As this nation's leadership looks to the future structure and function of its health and medical establishment, it is important to consider those phenomena that will be inevitable. Of course, the most basic inevitable will be change itself. One has only to look back 25 years to appreciate the exponential rate with which change has taken place and, barring a world catastrophe, it is inevitable that both the direction and speeed of this change will continue. The components of this change, all of which are inevitables in themselves, constitute a chain reaction, the links of which arrange themselves in the followingsequence: (1) increasing knowledge, (2) increasing specialism, (3) increasing demands for service, (4) increasing costs of service, (5) increasing shortages of personnel, (6) increasing complexity and efficiency in data processing and communication, and (7) increasing institutionalization (organization).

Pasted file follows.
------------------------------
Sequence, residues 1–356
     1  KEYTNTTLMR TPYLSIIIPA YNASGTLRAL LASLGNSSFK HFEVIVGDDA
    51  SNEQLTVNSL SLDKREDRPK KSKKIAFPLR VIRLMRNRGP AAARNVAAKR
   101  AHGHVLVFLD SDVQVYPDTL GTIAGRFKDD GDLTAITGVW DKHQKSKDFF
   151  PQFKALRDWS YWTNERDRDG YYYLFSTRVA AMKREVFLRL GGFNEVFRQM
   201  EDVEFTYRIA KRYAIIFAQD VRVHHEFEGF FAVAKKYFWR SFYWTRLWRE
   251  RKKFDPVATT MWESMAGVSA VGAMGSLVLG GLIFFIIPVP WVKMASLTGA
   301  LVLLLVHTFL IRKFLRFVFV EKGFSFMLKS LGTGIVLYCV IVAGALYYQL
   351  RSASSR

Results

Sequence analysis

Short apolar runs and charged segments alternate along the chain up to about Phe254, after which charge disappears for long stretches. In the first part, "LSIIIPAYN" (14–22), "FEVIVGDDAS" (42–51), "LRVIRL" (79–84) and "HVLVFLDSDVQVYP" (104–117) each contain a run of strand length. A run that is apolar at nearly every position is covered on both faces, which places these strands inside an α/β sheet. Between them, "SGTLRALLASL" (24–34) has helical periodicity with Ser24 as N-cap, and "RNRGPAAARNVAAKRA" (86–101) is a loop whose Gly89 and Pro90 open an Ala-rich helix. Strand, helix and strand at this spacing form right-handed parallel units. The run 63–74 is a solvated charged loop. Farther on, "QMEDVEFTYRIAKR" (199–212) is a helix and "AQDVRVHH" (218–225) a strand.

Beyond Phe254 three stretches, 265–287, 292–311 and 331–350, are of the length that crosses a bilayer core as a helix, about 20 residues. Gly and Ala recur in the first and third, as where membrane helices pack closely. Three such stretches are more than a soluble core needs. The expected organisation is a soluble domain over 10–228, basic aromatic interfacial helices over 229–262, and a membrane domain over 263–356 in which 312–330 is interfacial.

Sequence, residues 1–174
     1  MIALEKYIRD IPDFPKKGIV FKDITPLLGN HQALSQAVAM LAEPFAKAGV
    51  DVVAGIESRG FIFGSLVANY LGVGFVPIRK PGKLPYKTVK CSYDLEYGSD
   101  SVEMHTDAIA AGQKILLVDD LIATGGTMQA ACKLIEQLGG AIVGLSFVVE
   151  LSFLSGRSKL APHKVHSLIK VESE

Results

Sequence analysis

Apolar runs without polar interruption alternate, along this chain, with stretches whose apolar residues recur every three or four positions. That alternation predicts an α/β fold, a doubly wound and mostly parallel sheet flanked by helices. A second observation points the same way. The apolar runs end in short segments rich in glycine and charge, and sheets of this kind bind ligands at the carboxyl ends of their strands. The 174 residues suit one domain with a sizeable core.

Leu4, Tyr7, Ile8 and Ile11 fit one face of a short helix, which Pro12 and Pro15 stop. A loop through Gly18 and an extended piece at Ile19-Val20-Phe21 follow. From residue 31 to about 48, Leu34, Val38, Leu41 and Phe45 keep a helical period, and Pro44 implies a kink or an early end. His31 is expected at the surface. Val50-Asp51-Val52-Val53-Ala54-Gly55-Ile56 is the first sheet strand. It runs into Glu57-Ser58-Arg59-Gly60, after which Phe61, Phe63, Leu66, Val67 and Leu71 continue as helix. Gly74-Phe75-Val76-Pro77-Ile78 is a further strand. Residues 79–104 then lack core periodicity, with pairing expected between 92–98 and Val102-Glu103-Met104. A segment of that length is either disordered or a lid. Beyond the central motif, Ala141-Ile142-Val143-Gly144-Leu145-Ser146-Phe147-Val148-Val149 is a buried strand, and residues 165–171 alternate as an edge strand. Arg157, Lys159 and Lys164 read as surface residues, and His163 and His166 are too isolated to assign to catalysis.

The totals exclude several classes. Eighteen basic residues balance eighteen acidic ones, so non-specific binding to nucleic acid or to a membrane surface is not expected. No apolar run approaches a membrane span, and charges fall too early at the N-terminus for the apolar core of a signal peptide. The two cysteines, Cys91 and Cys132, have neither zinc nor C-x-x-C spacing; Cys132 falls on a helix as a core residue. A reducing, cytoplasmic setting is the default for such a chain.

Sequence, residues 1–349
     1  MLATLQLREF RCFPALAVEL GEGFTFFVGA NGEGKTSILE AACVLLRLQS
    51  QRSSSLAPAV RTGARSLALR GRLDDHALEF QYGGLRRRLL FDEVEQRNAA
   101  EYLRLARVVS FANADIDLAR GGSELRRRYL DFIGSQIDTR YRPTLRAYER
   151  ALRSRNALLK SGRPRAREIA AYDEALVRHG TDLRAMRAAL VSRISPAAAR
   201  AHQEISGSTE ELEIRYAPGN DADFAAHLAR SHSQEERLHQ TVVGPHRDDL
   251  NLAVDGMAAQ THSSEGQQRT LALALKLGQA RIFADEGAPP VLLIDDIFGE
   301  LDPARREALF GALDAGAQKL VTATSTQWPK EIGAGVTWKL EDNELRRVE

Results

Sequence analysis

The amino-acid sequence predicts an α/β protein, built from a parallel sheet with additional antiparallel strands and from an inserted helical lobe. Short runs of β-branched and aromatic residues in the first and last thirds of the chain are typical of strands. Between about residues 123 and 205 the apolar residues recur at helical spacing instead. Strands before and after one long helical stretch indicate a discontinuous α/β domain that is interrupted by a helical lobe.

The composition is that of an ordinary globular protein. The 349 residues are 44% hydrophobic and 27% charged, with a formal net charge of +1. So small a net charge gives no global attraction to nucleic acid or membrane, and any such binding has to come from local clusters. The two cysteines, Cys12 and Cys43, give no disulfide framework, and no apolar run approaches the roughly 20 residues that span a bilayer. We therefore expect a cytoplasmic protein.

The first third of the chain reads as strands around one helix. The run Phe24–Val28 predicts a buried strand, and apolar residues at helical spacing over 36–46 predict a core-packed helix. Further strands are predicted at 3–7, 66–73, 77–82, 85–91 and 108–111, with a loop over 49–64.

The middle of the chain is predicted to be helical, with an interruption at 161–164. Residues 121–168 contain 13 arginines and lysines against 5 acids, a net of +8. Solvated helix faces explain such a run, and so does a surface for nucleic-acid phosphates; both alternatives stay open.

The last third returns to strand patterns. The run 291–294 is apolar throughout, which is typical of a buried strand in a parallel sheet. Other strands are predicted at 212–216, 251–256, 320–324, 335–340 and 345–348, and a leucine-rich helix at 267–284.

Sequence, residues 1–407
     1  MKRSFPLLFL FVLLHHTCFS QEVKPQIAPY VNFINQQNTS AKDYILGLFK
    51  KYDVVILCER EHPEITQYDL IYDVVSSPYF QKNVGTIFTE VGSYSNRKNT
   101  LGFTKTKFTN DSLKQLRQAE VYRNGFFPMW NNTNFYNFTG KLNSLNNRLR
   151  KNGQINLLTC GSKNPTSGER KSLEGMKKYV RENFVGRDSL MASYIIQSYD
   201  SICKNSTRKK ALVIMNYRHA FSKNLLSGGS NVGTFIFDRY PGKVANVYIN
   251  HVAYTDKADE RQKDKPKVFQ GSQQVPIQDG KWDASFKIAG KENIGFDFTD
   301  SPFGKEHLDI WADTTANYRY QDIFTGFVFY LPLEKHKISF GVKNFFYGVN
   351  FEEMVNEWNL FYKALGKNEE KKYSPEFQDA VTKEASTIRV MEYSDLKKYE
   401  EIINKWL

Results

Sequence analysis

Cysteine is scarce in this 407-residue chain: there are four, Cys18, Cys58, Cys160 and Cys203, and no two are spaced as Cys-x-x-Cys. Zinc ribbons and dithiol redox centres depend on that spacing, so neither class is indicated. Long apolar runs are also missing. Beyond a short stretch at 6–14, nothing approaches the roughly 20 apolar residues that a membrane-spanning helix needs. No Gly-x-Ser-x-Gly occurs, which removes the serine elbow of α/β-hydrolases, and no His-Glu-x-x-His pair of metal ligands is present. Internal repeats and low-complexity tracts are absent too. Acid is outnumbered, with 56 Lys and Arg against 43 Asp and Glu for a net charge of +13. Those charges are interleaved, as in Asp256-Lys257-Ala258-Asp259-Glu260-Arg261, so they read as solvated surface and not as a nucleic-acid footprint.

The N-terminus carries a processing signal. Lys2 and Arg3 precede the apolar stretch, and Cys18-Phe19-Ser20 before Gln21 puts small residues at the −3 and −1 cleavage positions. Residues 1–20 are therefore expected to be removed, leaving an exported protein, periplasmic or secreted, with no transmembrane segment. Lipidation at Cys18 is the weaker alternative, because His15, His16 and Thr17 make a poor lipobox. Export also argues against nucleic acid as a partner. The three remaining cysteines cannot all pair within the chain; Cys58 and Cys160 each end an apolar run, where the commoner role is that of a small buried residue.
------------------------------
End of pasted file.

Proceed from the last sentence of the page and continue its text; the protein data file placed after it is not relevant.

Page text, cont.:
Much can be said about these inevitables: why they represent inevitables (I offer
Darley W. American Medicine and the'Inevitables in Its Future. JAMA. 1966;196(3):267-268. doi:10.1001/jama.1966.03100160117033